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'classics'

Sep 25

But is the movie really better? by Michelle Flaws

Posted to Campbell Unclassified on September 25, 2020 at 1:34 PM by Genesis Gaule

Recently I found myself scrolling through all of the newest book adaptations available on Netflix. Young adult novels are really having a moment--which got me thinking about some of my favorites. Some readers may argue with some of my choices but polling my coworkers on their picks was entertaining because we all appreciate different genres and their adaptations

So what movies made it onto the good list?

What about the bad?

The Scarlet Letter by Nathaniel Hawthorne was filmed in 1995 with Gary Oldman and Demi Moore, in one word: embarrassing. The adaptation miserably failed to portray the suspense and restraint behind this forbidden love story. Eragon by Christopher Paolini hit the big screen in 2006 and despite having seasoned actors and a well established production company, it left the fans much to desire. The costumes, the special effects and the dialogue did not match the thrill we felt when reading the novel for the first time.

The Island of Dr. Moreau by H.G. Wells received a second screen adaptation in 1996 with Marlon Brando, Val Kilmer and David Thewlis playing titular characters. Filming and production on this movie was notorious for setbacks and crew disagreements; did the heat from filming on location render them unproductive? The movie lacks the ability to demonstrate the horror that is a man toying with nature to create hybrid creatures. While the story is supposed to be disturbing, this remake leaves much to be desired. Every time I think of Marlon Brando wearing white face paint and a giant kaftan I face-palm.

What about those adaptations that have inconsistencies with its novel counterpart but are still worth seeing in the movie theatre?

Here are some recommendations:

Watch them and compare! Decide for yourself and become a fan of the book and the movie!

Jun 26

My First Visit to a Public Library by Charlotte Helgeson

Posted to Campbell Unclassified on June 26, 2020 at 1:57 PM by Genesis Gaule

I was 16 years old before I entered a public library.

jane eyre by bronte book-cover

My driving started early on the farm, but it didn’t translate into driving my own vehicle regularly until I left for college. Driving to town usually meant running an errand for my parents, like groceries or going to pick up an equipment part. Those errands never included the public library. In fact, I’m certain I never considered it until I couldn’t get a copy of Jane Eyre at the high school library.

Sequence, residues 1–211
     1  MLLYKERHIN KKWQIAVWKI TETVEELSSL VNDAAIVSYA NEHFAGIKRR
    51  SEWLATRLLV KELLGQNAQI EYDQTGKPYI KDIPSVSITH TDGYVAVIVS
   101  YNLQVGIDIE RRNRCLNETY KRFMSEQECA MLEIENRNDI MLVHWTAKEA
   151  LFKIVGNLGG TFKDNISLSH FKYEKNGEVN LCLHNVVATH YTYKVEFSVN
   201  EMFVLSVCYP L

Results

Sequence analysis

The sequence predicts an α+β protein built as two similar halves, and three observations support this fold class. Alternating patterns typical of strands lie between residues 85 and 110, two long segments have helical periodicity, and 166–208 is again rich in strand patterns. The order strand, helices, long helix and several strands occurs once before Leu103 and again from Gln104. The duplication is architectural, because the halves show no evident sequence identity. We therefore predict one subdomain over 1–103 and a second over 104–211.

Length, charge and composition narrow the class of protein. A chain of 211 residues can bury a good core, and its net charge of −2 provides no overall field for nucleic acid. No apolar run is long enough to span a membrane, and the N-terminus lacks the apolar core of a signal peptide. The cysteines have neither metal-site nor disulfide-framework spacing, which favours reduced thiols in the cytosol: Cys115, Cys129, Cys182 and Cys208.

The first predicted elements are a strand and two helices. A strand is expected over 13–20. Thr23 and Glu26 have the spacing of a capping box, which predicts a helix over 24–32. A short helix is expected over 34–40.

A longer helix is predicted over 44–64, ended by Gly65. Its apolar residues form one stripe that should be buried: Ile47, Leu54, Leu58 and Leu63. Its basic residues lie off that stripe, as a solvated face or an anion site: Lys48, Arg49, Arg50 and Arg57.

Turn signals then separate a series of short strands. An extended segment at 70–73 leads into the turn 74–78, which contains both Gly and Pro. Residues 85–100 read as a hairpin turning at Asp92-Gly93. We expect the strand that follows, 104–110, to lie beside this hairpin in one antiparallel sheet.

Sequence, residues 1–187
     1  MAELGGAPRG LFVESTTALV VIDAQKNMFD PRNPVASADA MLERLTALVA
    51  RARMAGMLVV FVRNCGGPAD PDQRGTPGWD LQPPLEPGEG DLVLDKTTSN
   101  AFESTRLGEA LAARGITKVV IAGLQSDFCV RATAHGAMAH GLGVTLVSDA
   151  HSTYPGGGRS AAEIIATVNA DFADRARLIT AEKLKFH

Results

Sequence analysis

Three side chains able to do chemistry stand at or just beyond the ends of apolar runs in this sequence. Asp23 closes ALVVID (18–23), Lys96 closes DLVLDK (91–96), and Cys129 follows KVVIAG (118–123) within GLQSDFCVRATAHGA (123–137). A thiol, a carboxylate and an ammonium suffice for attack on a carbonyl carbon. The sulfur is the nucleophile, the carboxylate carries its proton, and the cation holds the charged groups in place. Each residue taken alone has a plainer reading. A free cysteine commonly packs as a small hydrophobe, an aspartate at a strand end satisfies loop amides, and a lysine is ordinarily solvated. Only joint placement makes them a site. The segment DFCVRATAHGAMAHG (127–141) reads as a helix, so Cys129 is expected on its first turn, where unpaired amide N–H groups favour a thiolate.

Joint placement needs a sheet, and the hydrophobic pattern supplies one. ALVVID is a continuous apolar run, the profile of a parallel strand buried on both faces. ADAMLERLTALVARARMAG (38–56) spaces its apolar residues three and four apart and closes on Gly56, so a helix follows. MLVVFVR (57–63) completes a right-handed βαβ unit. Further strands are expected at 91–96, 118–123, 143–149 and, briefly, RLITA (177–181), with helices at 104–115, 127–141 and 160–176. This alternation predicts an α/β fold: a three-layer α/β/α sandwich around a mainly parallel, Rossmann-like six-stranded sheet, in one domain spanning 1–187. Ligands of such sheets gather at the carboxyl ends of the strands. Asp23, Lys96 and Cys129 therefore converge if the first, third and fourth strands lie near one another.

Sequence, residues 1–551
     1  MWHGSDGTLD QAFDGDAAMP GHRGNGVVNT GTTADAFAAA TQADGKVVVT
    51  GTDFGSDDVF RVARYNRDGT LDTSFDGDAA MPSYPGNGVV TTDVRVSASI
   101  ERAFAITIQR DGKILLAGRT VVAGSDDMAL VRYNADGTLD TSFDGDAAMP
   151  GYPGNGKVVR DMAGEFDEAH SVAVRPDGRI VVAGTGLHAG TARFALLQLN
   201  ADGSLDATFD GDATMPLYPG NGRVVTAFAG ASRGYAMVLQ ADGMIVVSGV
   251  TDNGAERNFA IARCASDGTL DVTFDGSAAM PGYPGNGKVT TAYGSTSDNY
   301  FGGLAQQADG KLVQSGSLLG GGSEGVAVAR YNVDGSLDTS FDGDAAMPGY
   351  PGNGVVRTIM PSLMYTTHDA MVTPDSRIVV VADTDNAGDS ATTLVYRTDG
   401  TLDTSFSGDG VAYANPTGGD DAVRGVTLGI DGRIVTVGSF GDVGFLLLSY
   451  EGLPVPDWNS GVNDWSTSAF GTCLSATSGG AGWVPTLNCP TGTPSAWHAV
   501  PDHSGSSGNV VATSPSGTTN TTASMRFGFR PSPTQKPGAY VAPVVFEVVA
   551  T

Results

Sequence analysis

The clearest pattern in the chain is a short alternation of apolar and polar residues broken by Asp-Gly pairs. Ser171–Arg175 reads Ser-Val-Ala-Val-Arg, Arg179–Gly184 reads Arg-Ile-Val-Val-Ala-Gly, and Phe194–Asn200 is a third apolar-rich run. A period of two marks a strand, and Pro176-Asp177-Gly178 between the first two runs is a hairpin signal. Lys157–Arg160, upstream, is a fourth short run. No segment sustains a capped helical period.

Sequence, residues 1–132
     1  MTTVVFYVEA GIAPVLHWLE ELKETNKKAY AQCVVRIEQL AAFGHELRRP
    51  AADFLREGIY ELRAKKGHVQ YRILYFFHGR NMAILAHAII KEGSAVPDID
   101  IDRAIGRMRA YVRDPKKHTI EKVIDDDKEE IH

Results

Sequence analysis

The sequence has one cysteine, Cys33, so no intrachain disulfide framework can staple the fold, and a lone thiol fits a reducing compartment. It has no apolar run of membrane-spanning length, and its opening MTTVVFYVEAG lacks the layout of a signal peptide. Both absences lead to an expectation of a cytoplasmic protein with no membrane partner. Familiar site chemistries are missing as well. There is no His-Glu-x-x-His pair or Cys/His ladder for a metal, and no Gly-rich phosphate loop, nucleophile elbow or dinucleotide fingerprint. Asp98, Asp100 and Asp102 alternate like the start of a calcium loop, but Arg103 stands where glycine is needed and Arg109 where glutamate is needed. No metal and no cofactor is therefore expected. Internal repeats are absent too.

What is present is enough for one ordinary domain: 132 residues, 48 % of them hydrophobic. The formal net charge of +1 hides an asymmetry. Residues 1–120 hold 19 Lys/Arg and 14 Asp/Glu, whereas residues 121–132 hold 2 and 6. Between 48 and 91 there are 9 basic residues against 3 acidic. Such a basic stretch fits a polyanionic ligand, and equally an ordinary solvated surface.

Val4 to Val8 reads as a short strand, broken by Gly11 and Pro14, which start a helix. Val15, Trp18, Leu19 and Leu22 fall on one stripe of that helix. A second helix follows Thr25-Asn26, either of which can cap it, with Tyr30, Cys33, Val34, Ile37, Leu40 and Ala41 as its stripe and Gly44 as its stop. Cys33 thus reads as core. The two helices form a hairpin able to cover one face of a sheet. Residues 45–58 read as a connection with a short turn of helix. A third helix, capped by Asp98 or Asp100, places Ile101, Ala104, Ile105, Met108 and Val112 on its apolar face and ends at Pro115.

I didn’t regularly read classics as a teenager, but I was intrigued when a title was not included in our school library and my teachers and librarian would not help me get a copy. What was it all about? Why didn’t they want me to read it?

Curiosity is powerful. 

I walked up the front steps to our brick public library. Straight in from the front door, the circulation desk held court. Nervous, even though I spent a lot of time in our school library, I stood directly in front of the desk and waited for the librarian to address me--in a whisper.  

“May I have a copy of Jane Eyre?”  I asked.

“Do you have a library card?” She knew me as well as she knew everyone in our small town. I’d be willing to bet that she also knew the name on every single Library Card.

“No.” I was prepared to turn around and leave. I had no idea what I was supposed to do to gain the privilege only she could bestow on me.  

“Age.” That was meant as a question though it sounded like a condemnation.

“Sixteen.” She pulled out an application card and continued with the questions until she had filled it with her beautiful script. Without another word, she walked through the doors behind her and I listened intently to make sure she hadn’t abandoned me. On her return, she set the library’s copy of Jane Eyre on the counter, removed the card in its back pocket, wrote my name on it with a due date two weeks in the future and stamped the same date on the slip inside the back cover.  

She looked up at me and said, “As you can see this book has been well used. Be kind to it and I expect it back as you have received it.”  

I was afraid to pick it up. A rubberband held it together. Honestly, I had no intention of taking a deep breath while holding it certain that if it didn’t smell like a Great Uncle then my eyes deceived me. Decrepit, abused or much loved? I didn’t know the difference. I had a public library book. I had a library card!  

I read that book, gently turning each page, breathing shallowly and then returning it--early.